I was using Keepass with the firefox extension, but since i read this article i tried Bitwarden and its so much easier to use really, the keepass browser extension is tedious if you have multiple logins for a website, the main application has a certain plugin that needs an update which is a hassle to find, the generator is quite shitty to use as well, it used to be great but since the extension changed to a webextension it was annoying to use.
Thanks Martin, got a new password manager now :)
I Tried Dashlane for about a year free premium trial then i switched Lastpass free.
Few months ago i switched to bitwarden for good. Open source and trusted company.
The company is just one person, iirc
Mostly, yes, but he’s not the only one in the company. And yes, it really is a company: 8bit Solutions LLC.
If you want lots of people, go with something like M$ = big = good. Right ?
That;s hilarious for real….. Microsoft is one huge security breach and it’s partly because of it’s size. OpSec – The smaller the circle of need to knows, the more chances of maintaining OpSec. Operational Security for other that don’t know the term.
Wow, what a read that Bitwarden conclusion after research document. I did not understand at least 60 % after the first read. And still, I am puzzling with at least 30% of the matter.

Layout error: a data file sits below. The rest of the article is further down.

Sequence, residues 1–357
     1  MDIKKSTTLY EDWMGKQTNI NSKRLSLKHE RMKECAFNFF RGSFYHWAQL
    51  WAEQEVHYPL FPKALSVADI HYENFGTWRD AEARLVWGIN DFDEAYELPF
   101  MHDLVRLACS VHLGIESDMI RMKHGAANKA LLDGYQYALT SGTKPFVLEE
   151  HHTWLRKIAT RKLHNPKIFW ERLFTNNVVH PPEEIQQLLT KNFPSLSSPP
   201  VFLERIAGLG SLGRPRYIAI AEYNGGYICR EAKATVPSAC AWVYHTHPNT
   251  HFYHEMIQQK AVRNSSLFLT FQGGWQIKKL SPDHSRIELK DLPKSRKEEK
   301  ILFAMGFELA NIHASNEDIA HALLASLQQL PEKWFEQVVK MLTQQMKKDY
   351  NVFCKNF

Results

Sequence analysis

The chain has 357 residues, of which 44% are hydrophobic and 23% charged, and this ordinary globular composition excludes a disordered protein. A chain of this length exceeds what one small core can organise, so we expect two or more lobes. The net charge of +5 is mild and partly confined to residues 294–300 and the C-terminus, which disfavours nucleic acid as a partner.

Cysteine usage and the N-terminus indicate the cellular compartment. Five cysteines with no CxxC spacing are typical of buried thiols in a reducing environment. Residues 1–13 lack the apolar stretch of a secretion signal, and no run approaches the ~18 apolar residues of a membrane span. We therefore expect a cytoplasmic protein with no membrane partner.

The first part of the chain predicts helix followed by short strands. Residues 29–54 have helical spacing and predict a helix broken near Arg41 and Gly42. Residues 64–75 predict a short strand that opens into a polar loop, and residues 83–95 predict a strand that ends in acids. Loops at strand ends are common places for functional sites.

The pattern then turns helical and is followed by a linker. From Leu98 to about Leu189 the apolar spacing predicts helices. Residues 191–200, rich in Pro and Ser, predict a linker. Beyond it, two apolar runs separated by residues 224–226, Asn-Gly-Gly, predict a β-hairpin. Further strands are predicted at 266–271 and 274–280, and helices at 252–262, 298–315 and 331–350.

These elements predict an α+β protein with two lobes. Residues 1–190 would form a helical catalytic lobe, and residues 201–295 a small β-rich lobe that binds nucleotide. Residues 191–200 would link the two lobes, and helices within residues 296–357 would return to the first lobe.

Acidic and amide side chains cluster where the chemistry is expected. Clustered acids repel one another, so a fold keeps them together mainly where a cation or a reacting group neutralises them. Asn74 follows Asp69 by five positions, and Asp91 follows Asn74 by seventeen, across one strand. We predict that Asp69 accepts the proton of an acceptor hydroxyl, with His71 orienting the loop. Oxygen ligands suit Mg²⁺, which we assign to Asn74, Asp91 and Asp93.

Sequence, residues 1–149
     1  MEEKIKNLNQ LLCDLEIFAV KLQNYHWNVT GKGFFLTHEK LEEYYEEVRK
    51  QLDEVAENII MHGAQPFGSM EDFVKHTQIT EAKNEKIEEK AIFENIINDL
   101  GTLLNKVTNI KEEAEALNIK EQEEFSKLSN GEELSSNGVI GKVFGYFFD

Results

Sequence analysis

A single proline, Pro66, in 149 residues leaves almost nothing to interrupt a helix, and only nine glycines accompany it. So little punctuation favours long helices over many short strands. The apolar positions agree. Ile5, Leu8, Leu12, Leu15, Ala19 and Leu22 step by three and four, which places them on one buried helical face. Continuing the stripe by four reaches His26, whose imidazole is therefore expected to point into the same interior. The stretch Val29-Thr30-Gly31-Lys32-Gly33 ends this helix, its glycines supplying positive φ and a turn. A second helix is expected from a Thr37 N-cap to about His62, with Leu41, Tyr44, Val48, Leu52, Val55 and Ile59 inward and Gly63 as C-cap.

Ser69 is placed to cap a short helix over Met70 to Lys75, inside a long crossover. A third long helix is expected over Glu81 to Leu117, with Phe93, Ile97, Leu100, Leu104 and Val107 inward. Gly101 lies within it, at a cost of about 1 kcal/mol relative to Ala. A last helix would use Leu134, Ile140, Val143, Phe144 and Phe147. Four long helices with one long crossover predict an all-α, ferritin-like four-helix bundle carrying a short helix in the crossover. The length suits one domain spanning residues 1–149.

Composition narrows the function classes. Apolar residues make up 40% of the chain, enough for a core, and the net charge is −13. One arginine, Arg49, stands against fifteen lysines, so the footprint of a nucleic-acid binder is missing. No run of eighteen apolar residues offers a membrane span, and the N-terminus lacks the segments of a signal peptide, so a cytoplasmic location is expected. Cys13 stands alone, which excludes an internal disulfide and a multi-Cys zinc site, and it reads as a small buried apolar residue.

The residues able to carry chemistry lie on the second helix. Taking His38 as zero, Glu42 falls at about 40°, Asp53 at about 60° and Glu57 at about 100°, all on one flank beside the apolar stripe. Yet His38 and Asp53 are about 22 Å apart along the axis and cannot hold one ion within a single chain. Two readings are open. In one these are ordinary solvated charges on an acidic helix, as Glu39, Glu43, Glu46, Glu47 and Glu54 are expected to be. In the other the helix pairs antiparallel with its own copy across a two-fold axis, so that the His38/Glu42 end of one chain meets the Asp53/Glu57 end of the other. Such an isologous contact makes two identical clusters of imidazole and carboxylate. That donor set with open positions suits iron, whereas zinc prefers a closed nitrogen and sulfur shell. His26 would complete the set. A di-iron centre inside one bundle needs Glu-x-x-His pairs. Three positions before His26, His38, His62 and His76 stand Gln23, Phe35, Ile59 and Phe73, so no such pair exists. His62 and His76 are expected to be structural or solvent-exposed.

But its good that there where a fresh pair of eyes on the matter and after reading this article I now a firm believer that there should be, even more, human power on this particular matter.
I myself are a happy Waterfox (who uses a lot of cpu power with certain task compared with outher brouwsers), sometimes Chrome and usely Firefox KeePass 2.40 user. And with the help of Ghacks.net I am still tweaking the settings from time to time.
The only concern I really have is main Microsoft Internet Explorer 11 who I use twice or three times a year (I still not using M.s. Edge even with Global Auto-Type Hot Key) from which upto now I could not find, a KeePass intergration solution link. And after all this time I am thinking its not coming any more. So I am still using Lastpass 4.17.1 for the Ms. Explorer 11. Does your Martin or anybody knows a better solution or even mayby a KeePass soluiton for Ms.IE 11?
Caveat – the core infrastructure is written in C# using .NET Core with ASP.NET Core. The database is written in T-SQL/SQL Server.
Why is that a problem ? (Straight question, nothing implied.)
I’m still sceptical about the financial sustainability of this project, simply don’t get how it manages to survive with such low fees.